Haines, Andrew. 2008. “Climate Change and Health: Strengthening the Evidence Base for Policy.” American Journal of Preventive Medicine, 35(5): 411-413.
Johnson, Kirk. 2013 April 12; “Experiment in Oregon Gives Medicaid Very Local Roots.” The New York Times. Retrieved May 15, 2013 from http://www.nytimes.
html?pagewanted=all Johnson, Lloyd Albert. 2004. “A Toolbox for Humanity: More Than 9000 years of Thought.” Bloomington: Trafford Publishing. (E.B. White quotation) Kaiser. n.d. “U.S. Health Care Costs.” Retrieved May 13, 2013 from http://www.kaiser yale school of forestry & environmental studies improving human health by increasing access to natural areas: opportunities and risks Lewis, Caroline. “Reports and Reviews: Reversing Teenagers’ Disconnect with Nature.” Plant Science Bulletin 55:3 (2009): 113-117.
Lock, Karen. 2000. “Education and Debate: Health Impact Assessment.” British Medical Louv, Richard. 2008. “Last Child in the Woods: Saving our Children Nature-Deficit Dis order.” Chapel Hill: Algonquin Press.
Norris, Douglas E. 2004. “Mosquito-borne Diseases as a Consequence of Land Use Change.” EcoHealth, 1: 19-24.
Oregon Health Policy Board. n.d. “Coordinated Care Organizations.” Retrieved May 17, 2013 from Patz, Jonathan A. et al. 2004. “Unhealthy Landscapes: Policy Recommendations on Land Use Change and Infectious Disease Emergence.” Environmental Health Perspectives 112(10): 1092-1098.
Patz, Jonathan A. et al. 2005. “Impact of Regional Climate Change on Human Health.” Stromberg, Joseph. 2013 January. “What is the Anthropocene and Are We in It?” Smithsonian Magazine. Retrieved March 3, 2013 from http://www.smithsonianmag.
com/science-nature/What-is-the-Anthropocene-and-Are-We-in-It-183828201.html State of Alaska HIA Program. 2011. “Health Impact Assessment, Point Thompson Project.” Department of Health and Social Services. Retrieved March 3, 2013 from UNFPA (United Nations Populations Fund). 2007. “Urbanization: A Majority in Cities. LINKING POPULATION, POVERTY AND DEVELOPMENT.” New York, New York: UNFPA. Retrieved May 27th, 2013 from, USDA Forest Service. 2007. “The Forest Service Open Space Strategy: Cooperating Across Boundaries to Sustain Natural and Working Landscapes.” Report FS-889. US Department of Agriculture, Washington, DC. 15 pp. Retrieved from http://www. Van Valkenbergh, Norm and Chris Olney. n.d. “History of the Catskill Park and Forest Preserve.” Retrieved March 5, 2013 from Winslow, Charles-Edward Amory. 1920. “The Untilled Fields of Public Health.” Science, Wildlands Conservancy. n.d. “Walk for Wellness.” Retrieved May 13, 2013 from http:// World Health. 2013, January 25. Human Health Linked to Natural Environment. Retrieved May 29th, 2013 from, yale school of forestry & environmental studies Yoon, Carol Kaesuk. 2009. “The (Un)Natural Order of Things.” Conservation Magazine, October-December. Retrieved May 15, 2013 from http://www.conservationmagazine.
1.7 Examples, sources of information and other key points from the discussion
Some of the examples, sources of information and key points from the discussion
included the following:
·· There are deep historical connections in America between human health and access to o Galen Clark, the man who discovered the Giant Sequoias of Yosemite Valley and led to their eventual protection, originally moved to the California mountains, like many at the time, to convalesce after contracting tuberculosis.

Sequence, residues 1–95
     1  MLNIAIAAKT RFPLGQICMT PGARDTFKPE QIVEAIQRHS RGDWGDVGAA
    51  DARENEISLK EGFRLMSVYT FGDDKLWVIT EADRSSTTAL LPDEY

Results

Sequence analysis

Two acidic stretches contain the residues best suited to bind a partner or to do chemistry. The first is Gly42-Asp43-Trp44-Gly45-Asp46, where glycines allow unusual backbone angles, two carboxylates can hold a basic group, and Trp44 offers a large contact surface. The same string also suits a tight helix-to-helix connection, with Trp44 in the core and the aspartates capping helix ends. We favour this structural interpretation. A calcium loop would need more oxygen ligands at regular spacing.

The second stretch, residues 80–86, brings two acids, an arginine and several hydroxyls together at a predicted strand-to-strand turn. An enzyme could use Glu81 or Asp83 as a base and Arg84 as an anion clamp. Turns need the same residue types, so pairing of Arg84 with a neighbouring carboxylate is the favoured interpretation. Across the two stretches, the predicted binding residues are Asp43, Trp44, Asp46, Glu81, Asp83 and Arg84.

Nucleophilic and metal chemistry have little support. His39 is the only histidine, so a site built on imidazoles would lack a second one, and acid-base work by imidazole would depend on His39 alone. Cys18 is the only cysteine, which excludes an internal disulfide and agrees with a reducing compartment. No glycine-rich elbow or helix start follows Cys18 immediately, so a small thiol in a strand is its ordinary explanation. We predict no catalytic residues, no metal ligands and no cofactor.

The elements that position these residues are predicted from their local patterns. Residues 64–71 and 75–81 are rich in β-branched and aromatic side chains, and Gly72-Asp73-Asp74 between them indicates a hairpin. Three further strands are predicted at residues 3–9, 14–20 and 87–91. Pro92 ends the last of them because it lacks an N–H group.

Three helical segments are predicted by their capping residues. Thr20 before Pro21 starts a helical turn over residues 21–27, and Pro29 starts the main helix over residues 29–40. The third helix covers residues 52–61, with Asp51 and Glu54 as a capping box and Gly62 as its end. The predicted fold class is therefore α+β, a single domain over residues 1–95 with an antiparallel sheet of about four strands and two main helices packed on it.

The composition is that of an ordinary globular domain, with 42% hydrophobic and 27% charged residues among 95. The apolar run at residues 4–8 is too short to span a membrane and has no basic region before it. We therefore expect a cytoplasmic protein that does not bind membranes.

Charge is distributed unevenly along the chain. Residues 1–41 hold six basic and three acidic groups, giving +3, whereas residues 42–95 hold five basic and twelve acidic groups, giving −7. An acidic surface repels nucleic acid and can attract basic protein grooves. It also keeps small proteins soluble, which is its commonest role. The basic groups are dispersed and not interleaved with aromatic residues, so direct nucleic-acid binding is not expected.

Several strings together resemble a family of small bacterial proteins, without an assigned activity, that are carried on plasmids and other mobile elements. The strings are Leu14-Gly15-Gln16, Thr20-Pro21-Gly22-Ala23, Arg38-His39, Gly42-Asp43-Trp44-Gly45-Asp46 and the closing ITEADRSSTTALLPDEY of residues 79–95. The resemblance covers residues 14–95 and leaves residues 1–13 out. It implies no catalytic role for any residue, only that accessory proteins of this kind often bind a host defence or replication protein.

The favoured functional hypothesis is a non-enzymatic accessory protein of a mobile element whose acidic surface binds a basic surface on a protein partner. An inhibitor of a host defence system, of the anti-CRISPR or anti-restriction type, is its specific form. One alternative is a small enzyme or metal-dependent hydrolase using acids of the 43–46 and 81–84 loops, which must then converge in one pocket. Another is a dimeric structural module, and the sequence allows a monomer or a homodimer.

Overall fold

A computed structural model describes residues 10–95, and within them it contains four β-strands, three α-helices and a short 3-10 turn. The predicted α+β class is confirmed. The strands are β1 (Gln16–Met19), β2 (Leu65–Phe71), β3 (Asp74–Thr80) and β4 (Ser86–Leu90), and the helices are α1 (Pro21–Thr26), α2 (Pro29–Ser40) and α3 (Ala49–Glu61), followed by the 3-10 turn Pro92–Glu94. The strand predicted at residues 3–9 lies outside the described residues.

o Henry David Thoreau, it was noted at the workshop, had been encouraged to go to Walden Pond, the eventual setting of his most famous transcendentalist work, as a response to deep mental restlessness that we would now classify as depression. o Frederick Law Olmstead, America’s most treasured landscape architect, designed parks to be spaces of healing for the urban poor and the mentally ill. He believed in “sanitation” through design, and often took commissions to redesign the grounds of mental institutions and hospitals. ·· New connections are being made as well: o The Los Angeles Neighborhood Land Trust is partnering with a hospital and high school to create a therapeutic garden and health clinic in one of LA’s least healthy neighborhoods.
o The Freshwater Land Trust in Birmingham, AL is working with local health care pro- viders to fund bike and walking trails as part of efforts to reduce community obesity.
o In Fresno, CA state health funds are being used to create neighborhood gardens to serve the mental health needs of immigrant communities with refugee status. See:
html?pagewanted=all o In Troy, NY local youth work on local farms to make local food available through con- venience stores and “veggie mobiles”. See o The New Jersey Conservation Foundation has a goal of linking parks, farmland, trails, and historic lands across the Garden State to create an interconnected system of preserved land - these “hubs” can be used to get people outdoors and serve lager fitness, tourism, recreation, and conservation goals. yale school of forestry & environmental studies improving human health by increasing access to natural areas: opportunities and risks o The Regional Equity Atlas of the Pacific Northwest’s Coalition for a Livable Future ( is taking a geographical look at regional health disparities, linking health outcomes to quality of housing, transportation, airways and access to natural areas.
o Oregon Public Health Institute’s Healthy Eating Active Living (HEAL) Campaign is helping civic leaders implement policies for healthier communities that include bike lanes, community gardens, and city employee health incentives. See: o Portland’s Upstream Public Health non-profit works to improve health by address- ing, among other things, public transit, land use planning, and climate change goals. See: yale school of forestry & environmental studies